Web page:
DAVID LITTLEPROUD: It is skilled, semi-skilled and unskilled. So that is the, THE big change in this. And it is not just for horticulture. It's important to understand this is for broader agriculture, for fisheries, for forestry and also for the processing sector. So this is about looking at the structural demand that will be required now and into the future, and making sure that we have an appropriate mechanism that complements those Pacific schemes that we've got in place now.
NADIA MITSOPOULOS: On ABC Radio Perth in WA I am speaking to the Federal Agriculture Minister, David Littleproud. When you talk about this becoming a pathway to permanent residency, how would that work? What would these people need to do to be able to then settle permanently in Australia?
DAVID LITTLEPROUD: Yeah, good question. Effectively, what we're looking at, the construct is around a three-year visa. But then you would have to commit a further period that we're obviously still to determine, we'll determine that the coming weeks and month around what that might be - that may be another two or three years. But that commitment can't be in a metropolitan area, that commitment would have to be out in a regional area in agriculture.
So, they'd have the first, the first stage of moving towards that to being able to be eligible for permanent residency, is that they'd do three years under this visa, but then they'd have to give a subsequent commitment to agriculture and regional Australia. Because we think if you can put your roots down in the community for, for four or five plus years, you're genuinely going to be part of that community.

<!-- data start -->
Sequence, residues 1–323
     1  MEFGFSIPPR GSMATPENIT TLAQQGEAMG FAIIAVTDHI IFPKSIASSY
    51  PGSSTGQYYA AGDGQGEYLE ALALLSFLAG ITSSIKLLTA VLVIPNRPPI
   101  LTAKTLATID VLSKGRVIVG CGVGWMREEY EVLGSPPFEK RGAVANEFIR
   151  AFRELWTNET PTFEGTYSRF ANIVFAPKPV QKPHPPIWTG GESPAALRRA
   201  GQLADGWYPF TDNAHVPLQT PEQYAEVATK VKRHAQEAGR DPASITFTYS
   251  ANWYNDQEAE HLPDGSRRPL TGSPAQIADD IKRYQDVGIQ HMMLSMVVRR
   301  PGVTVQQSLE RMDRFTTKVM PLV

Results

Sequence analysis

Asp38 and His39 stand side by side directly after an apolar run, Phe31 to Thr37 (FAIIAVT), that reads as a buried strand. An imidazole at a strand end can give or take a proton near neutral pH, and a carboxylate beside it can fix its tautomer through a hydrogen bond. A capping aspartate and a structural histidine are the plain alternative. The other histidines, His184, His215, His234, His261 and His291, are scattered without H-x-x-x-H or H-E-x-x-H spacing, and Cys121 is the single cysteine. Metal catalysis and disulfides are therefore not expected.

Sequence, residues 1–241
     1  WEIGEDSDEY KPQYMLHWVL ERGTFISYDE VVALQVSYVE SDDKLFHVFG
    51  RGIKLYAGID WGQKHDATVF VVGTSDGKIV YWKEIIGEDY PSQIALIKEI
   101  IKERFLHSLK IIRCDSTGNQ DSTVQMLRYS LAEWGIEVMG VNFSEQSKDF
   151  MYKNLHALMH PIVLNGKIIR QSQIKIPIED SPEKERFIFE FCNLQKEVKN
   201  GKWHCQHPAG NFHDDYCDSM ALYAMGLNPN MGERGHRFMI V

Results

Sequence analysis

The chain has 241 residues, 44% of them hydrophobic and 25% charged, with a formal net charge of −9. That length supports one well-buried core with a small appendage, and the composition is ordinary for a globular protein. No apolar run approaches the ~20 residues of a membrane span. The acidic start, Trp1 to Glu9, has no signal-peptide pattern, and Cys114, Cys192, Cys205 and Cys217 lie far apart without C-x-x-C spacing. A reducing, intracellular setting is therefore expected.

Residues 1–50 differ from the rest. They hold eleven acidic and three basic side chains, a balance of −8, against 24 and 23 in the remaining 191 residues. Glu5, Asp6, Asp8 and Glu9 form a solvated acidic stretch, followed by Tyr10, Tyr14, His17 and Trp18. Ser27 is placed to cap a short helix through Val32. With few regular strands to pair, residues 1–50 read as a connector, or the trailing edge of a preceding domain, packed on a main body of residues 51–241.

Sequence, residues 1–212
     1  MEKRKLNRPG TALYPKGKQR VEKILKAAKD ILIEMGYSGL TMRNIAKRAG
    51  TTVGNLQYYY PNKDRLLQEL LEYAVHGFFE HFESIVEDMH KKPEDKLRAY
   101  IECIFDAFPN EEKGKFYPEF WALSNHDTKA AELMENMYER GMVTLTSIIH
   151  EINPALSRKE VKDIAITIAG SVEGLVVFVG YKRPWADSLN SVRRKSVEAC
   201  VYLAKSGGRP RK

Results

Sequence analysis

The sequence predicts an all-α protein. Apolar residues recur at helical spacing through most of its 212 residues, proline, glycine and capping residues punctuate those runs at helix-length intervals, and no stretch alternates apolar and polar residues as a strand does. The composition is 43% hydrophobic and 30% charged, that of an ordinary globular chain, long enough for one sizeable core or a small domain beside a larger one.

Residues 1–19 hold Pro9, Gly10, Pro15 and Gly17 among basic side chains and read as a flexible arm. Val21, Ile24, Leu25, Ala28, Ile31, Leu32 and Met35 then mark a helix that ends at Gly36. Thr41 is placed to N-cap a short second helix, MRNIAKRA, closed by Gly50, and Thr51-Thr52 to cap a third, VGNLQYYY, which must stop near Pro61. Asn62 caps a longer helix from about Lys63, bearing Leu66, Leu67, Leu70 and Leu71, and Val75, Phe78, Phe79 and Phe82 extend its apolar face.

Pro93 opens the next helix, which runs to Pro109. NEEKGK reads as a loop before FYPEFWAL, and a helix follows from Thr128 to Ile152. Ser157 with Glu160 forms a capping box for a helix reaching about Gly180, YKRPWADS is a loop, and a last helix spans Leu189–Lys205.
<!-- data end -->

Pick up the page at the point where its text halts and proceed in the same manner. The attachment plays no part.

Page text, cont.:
And that's why this is such a structural change, a significant one. Because we think that we can bring that next generation of migrants to grow Australia's agricultural sector in regional Australia. And they've done such a great job so far. But this is just ramping it up and changing the structure of our reliance on- from backpackers, to now a more secure supply that'll be looked after the community, because they'll be part of a community.
NADIA MITSOPOULOS: And, be good to hear from people in the country today, in the regions about, particularly, those who work on farms, or who, who run these kind of businesses, how many people you need, and you know, would you like them to be resettling in your country town. 1 300 222 720. This visa comes into effect, Minister, next month. But realistically, how quickly can you get these workers in? Because they're needed now. And in WA, of course, our grain harvest is coming up.
DAVID LITTLEPROUD: Yeah. And there's nothing stopping people brining in through the Pacific schemes, they are open and there's 25,000 men and women sitting there now. This is an addition because this will be skilled and semi-skilled, as well as the unskilled as well. The bilaterals with those countries will determine the time, that's why we're trying to work as quickly as we can. We've got a temporary mechanism in place through this sub class of the 403 visa that we can implement by the end of September. But the longer term piece will just determine how we go with those bilateral arrangements.
And as quickly as we can, we want to see these people come in, but the states will then have to agree to the quarantining - they've owned this, they want to own it, we respect it, and they've been constructive on this, and that also will need to feed into it. And I know industry's been working with the states, so too has my Department and Home Affairs. We've had roundtables as late as last week and another one this week about trying to, to get comfort to the states around the quarantining - particularly to the Chief Health Officers and the Premiers. They are the ones that need to get the comfort on that, because they are the ones that set the arrangements in which they come into their states. So…